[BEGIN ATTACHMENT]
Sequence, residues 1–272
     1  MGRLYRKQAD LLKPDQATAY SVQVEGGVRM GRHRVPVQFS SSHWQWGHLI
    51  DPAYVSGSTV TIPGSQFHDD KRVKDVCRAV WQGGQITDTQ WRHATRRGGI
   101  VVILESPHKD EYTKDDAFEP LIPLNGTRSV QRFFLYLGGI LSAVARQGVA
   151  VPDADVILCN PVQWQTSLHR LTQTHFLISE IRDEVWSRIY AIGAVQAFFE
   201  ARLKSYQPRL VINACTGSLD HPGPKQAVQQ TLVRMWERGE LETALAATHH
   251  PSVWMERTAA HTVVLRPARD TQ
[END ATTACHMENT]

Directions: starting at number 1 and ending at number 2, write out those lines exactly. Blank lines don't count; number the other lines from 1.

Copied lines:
Sequence, residues 1–272
     1  MGRLYRKQAD LLKPDQATAY SVQVEGGVRM GRHRVPVQFS SSHWQWGHLI